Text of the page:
Many primary care physicians are transitioning their practices to a “concierge” model, sometimes called “Direct Primary Care” or “Retainer” practice. In a concierge practice, patients pay a fixed annual or monthly fee to receive certain non-medical services in addition to the usual professional services rendered by physicians. Concierge services include such “extras” as same-day or next-day appointments, 24-7 access to the physician through email and/or telephone, longer appointments, and home visits. The concierge model can allow physicians to earn additional compensation through the fees paid for concierge services and to spend more time with patients.
But there are some important legal and compliance challenges to setting up a concierge practice, including possible payor challenges and contract requirements. Here we highlight some of the key issues to consider.
Which Services Should You Offer?
Concierge practices typically offer some combination of the services listed below. The choice of services is often related to the concierge fee the physician plans to charge. That fee is determined by consideration of various factors including what the market will bear in the geographic area of the practice and the level of services offered. Services may include:
- Availability of physician 24 hours a day, 7 days a week by email or phone
- High-end waiting area
- Same day or next day appointments, perhaps Saturday appointments
- Visits up to 30 minutes or longer
- Arranging specialist visits
- Doctor accompanies patient to specialist visits and follows the patient in the hospital
- House calls if warranted
- Website patient portal
- Lectures and other educational opportunities
Should You Treat Only Concierge Patients?
Some physicians maintain a “hybrid” practice, in which they continue to accept non-concierge patients but also have concierge patients. A hybrid practice will necessitate carefully allocating concierge services to those patients who are paying for them without sacrificing care of non-concierge parties. Other physicians opt to have a “pure” concierge practice, where they only accept patients who have agreed to the terms of participation in the concierge practice. A pure concierge practice will typically reduce the physician’s patient panel significantly, allowing her to spend more time with patients. A physician who elects to run a pure concierge practice will need to smoothly transition the non-concierge patients to ensure that she is not abandoning them in violation of the guidelines of the American Medical Association.
Are There Medicare Issues with these Practices?
If any concierge services could arguably be characterized as Medicare covered services, there is a risk that the practice could be accused of charging additional money (in the form of the concierge fee) for covered services, which is prohibited by Medicare. The Office of Inspector General of the U.S. Department of Health (“OIG”) has expressed concern about this issue, but has not issued any specific guidance as to which concierge services might be considered covered services. As a result, a concierge practice faces some uncertainty regarding compliance.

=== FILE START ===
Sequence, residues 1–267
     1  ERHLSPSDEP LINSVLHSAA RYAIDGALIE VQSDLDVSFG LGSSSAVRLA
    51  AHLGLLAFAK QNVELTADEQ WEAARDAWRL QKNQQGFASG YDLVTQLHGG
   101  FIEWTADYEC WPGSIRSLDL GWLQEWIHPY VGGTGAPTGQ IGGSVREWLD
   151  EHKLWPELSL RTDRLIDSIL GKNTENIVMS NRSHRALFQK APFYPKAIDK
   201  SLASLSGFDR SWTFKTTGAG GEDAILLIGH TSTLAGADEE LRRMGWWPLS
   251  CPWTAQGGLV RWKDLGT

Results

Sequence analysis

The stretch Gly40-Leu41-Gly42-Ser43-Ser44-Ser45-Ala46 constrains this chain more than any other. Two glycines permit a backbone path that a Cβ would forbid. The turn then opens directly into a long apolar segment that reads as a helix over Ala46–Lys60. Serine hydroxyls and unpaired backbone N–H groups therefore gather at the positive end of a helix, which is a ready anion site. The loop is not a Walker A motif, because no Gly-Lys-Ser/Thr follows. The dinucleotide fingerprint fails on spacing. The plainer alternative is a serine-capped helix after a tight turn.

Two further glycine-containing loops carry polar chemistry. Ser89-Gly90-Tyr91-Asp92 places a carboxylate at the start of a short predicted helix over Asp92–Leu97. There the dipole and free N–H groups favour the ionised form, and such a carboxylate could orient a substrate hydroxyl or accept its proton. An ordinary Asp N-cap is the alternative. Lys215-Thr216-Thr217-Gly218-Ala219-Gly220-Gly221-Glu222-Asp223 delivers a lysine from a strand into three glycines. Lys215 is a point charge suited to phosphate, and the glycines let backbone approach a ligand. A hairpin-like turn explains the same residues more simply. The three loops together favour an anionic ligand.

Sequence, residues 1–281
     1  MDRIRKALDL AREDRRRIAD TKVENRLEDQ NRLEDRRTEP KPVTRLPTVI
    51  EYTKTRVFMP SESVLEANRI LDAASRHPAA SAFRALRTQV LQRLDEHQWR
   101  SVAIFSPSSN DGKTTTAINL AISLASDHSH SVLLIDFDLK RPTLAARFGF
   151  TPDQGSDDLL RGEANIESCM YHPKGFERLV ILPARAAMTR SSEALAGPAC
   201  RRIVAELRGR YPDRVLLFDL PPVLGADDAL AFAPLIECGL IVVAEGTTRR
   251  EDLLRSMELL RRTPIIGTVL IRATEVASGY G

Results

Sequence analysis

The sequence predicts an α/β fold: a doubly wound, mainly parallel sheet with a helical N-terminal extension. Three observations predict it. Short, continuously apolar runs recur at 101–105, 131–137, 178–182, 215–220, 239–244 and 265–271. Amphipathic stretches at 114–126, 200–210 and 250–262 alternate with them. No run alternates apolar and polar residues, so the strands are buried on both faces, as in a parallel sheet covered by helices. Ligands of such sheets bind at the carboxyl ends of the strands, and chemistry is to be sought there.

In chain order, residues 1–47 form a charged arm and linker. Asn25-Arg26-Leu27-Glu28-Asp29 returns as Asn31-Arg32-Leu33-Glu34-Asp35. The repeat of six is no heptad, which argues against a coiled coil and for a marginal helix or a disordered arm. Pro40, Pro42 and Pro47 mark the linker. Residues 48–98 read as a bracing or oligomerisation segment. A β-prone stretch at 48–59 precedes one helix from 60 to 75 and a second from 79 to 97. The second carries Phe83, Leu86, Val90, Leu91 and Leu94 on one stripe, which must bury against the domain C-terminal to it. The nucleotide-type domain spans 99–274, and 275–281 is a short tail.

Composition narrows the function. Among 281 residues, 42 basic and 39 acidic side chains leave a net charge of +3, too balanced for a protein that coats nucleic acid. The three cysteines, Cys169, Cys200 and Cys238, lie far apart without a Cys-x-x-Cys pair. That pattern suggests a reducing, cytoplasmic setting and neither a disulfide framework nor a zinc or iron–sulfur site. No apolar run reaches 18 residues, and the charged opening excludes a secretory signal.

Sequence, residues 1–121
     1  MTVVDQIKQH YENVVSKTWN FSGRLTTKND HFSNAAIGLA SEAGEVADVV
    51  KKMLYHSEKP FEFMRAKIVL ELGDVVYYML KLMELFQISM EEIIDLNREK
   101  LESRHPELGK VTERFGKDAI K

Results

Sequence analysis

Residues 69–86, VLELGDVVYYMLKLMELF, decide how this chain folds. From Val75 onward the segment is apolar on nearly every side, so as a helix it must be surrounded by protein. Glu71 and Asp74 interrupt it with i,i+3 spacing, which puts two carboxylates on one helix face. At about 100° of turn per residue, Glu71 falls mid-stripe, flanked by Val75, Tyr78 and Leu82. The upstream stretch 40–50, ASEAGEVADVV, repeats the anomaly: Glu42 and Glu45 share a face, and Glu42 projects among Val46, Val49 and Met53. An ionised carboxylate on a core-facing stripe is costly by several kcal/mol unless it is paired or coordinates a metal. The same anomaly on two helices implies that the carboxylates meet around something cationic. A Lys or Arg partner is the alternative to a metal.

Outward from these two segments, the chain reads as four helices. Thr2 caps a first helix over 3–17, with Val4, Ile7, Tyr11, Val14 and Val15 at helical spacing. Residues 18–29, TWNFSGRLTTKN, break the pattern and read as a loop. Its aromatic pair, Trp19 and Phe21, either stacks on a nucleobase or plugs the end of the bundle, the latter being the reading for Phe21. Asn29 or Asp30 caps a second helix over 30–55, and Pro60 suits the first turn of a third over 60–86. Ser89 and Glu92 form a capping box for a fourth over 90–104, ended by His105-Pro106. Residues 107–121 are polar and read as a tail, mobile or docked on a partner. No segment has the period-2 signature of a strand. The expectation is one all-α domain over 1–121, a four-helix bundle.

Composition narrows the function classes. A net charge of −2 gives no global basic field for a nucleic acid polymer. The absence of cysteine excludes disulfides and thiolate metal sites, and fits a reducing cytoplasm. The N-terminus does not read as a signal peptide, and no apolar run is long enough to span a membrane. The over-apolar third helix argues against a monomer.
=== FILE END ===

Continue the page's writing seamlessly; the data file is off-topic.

OIG has also warned physicians not to provide bonus services to induce Medicare patients to use those physicians. This practice could be considered improper remuneration in violation of the Anti-Kickback Statute, as it may be seen as paying these patients for their business.
There are several options for physicians to minimize the uncertainty regarding Medicare. One option is to “opt out” of Medicare, so that the physicians are no longer bound by its restrictions. This decision may have serious financial implications, as many practices rely on Medicare for much of their reimbursement. Another choice is to form a separate company, typically owned by the same physicians who own the practice, which will contract with patients to provide the concierge services. The concierge services must not include any professional services. Keeping the medical practice separate from the concierge company, and ensuring that the services each provides are separate – that is, nonmedical concierge services are provided by the concierge company and professional services are provided by the practice – lessens the risks with Medicare. In this model, there should be a contract between the medical practice and the concierge company to describe and clarify their relationship.
Do I Need a Patient Agreement?
A concierge practice, whether it be the medical practice itself, if it is providing the concierge services, or a separate concierge company, should have a written contract with each concierge patient, which sets out the fee to be paid by the patient and how it will be paid, the services that will be provided to the patient, and other matters. The agreement should specify that the concierge services do not include medical care. It is important to ensure that the patient agreement is properly drafted so that the practice is protected.
Are There HIPAA Considerations?
There may be unique HIPAA issues in running a concierge practice. If the practice elects to have a separate company provide the concierge services, there may need to be a business associate agreement with that company. If the physicians in the practice undertake to stay in touch with patients electronically, privacy of emails must be maintained. Texting between physicians and patients presents its own hazards as discussed in an earlier post in this blog. Physicians and physician groups should evaluate their privacy practices when transitioning to concierge practices.
There are some complex legal issues involved in transitioning to or creating a concierge medical practice. Giving careful thought to these issues can help make the establishment of this kind of practice easier. We will address other issues related to concierge practices in future posts.